Akeem Browder: He spoke intensely about it. He always said, ‘I know they’re trying to bring me back.’ For him to be back in the jail cell, even if it was just that one day. Ever since Kalief passed, in the year 2016 I was arrested 11 times from driving and marches that I did [with Black Lives Matter in New York]. We did a lot of public protests. Just the thought of being re-arrested, you’re sitting in that cell and your body starts to shake again. These are things if you’ve never been arrested or been to jail, your body is remembering that trauma and puts you through a slew of problems. You can’t eat, you can’t sleep, you stay up for the first three nights, and then on top of that your fear level, you’re on high intensity. With Kalief getting out, even if it was for just one day, I can imagine all the things that he went through just sitting in that cell. Then my mother, the trauma, the post-traumatic stress that she had after going to visit him, and now he’s back in the jail cell was intense. The attorney, he lives in Jersey. He called and said, ‘Akeem what’s going on? What precinct is he in?’ I’m like, ‘Get your behind down there and get my brother out.’ Every time they turn around, ‘He was in school. He got into a fight.’ They said it was a fight, it was a verbal altercation. Cops came and arrested him. It wasn’t him fearful that he was paranoid. No, people were arresting him every time he turns around, or watching him with a car, or putting him in view of a cop. It’s traumatizing. It’s reacting to his post-traumatic stress.
Nicole Browder: He was like an egg, he was ready to crack. He was that fragile. He had to go to court, and he didn’t make it to the court date. I know that would drive me over the edge. He was already paranoid.
The Beginning Of The End
Did you ever see any signs of him contemplating suicide?
Akeem Browder: He attempted while he was home.
Deion Browder: He attempted multiple times in the house. You see one of the attempts in the trailer with the white shirt, one of his attempts to cut his neck. He made many attempts, and he did it secretly. He didn’t want anyone to know when he did them.
Nicole Browder: Unfortunately, I always felt that there would be a time that this would come to an end. I knew it would be an unfortunate end. I told Deion this is serious, if you guys don’t get him any help, he’s either going to hurt you guys or he’s going to unfortunately hurt himself. My mom got him out of the facility, I think it was St. Barnabas at the time. I think he was in a mental division. I got mad at her because she took him out, but then I understood from seeing your child suffer for so many years, going to jail and visiting him, you want to save your child. I always felt it was going to happen. I had those internal instincts, and I just kept it to myself. You just try to think positive. I didn’t think it would be that fast because things were going good for him, and I thought, ‘Okay maybe there is some hope,’ but it was so severe.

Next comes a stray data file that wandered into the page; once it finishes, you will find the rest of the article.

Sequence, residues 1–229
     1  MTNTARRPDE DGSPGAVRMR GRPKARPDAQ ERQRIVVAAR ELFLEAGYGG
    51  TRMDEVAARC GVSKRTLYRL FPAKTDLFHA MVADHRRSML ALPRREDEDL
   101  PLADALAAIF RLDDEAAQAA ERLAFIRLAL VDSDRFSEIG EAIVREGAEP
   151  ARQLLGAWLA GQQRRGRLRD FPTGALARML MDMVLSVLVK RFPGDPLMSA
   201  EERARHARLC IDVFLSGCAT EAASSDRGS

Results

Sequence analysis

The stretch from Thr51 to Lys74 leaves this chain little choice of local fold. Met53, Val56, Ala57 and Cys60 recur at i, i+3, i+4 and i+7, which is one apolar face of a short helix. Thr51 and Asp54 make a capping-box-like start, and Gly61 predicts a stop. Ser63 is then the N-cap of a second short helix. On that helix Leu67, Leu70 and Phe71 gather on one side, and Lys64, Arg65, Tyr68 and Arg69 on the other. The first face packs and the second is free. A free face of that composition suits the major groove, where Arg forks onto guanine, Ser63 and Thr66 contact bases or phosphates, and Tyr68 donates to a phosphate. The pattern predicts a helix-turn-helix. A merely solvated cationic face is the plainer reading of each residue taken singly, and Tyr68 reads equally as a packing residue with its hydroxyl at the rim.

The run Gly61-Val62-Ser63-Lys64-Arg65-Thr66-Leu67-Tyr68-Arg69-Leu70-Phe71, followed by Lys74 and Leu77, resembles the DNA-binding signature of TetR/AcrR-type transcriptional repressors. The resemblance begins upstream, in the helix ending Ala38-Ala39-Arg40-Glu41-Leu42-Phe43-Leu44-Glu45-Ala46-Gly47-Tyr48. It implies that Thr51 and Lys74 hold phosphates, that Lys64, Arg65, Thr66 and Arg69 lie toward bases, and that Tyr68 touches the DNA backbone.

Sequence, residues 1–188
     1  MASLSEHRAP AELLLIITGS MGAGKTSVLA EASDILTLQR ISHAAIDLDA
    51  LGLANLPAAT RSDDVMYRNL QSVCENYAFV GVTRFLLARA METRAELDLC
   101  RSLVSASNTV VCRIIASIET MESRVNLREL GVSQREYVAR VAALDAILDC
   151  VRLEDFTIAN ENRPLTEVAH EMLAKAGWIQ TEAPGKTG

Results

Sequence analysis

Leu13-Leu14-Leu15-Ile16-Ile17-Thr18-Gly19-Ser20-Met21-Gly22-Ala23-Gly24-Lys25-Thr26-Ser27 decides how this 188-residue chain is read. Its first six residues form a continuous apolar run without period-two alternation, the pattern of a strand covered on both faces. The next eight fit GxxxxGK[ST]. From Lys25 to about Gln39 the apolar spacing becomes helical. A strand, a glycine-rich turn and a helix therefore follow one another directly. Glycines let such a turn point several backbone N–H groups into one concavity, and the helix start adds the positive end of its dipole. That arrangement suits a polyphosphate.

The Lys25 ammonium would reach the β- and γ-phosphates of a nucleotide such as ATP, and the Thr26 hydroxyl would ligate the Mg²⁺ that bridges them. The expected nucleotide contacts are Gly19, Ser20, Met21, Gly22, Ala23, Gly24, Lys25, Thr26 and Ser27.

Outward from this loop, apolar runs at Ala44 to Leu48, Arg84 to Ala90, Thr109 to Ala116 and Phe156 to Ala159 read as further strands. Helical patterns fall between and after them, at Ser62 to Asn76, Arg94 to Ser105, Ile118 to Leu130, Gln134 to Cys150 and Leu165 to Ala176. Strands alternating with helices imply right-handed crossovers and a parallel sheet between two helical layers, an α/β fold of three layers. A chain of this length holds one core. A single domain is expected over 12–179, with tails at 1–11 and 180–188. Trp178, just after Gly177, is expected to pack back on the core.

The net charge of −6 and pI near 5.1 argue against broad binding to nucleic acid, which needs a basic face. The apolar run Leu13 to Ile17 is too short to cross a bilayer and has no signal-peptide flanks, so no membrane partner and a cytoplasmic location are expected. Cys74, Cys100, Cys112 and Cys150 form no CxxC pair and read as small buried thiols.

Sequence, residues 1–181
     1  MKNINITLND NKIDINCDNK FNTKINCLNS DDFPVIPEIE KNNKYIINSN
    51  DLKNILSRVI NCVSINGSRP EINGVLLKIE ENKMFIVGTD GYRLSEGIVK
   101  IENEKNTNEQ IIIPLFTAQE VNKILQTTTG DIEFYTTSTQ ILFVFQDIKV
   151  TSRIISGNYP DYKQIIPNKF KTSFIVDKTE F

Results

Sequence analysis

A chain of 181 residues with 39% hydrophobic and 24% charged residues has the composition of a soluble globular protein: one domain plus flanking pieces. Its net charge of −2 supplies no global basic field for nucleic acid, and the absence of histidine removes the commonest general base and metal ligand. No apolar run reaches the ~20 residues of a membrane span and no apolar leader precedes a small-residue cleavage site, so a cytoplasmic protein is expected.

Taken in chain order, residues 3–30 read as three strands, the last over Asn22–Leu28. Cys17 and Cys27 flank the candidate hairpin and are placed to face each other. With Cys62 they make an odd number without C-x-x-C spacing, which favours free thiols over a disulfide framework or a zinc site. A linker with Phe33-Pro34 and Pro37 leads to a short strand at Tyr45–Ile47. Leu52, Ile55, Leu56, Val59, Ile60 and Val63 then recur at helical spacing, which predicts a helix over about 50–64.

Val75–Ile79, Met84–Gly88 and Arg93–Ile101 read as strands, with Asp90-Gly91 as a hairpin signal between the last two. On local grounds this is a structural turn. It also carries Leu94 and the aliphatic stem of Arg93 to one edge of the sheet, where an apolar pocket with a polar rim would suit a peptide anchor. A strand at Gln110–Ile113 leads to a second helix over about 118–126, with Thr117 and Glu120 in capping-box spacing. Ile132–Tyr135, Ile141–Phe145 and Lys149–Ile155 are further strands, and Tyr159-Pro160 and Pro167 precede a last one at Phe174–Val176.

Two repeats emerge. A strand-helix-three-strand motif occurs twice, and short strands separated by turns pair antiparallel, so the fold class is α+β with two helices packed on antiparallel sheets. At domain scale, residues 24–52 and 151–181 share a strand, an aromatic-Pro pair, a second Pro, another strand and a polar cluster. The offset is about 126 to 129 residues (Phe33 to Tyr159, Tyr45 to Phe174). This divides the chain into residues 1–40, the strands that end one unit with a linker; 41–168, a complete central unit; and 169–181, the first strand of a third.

Akeem Browder: For a person that’s incarcerated, the statistics are not unknown when it comes to suicide. When it comes to men and women, people who went to jail experienced suicide at least once in their life after the fact. But there are a slew of things that happens to a person that is previously incarcerated. For women, nine times out of 10 they fall into prostitution or sex scandals. When I came home, suicide was definitely a thought. It’s a problem that when people come out of jail they are left with their own recovery. The parents or the family or themselves, if they don’t have anyone, we’re left with the responsibility to clean up the person they damaged. Kalief needed help. They admitted guilt, yet we’re still going through the lawsuit. How is that if you’re charged with stealing a backpack, we can arrest you immediately, however, when we realize that we’re wrong, say sorry, and send you home, and yet immediately justice doesn’t come on the returning end, even if it’s just saying I’m going to send you to a counselor or therapist or something that can get you help so that you don’t commit suicide. We know from the years that we’ve had Rikers Island open or practicing solitary confinement we know that there is a suicide factor and they did nothing.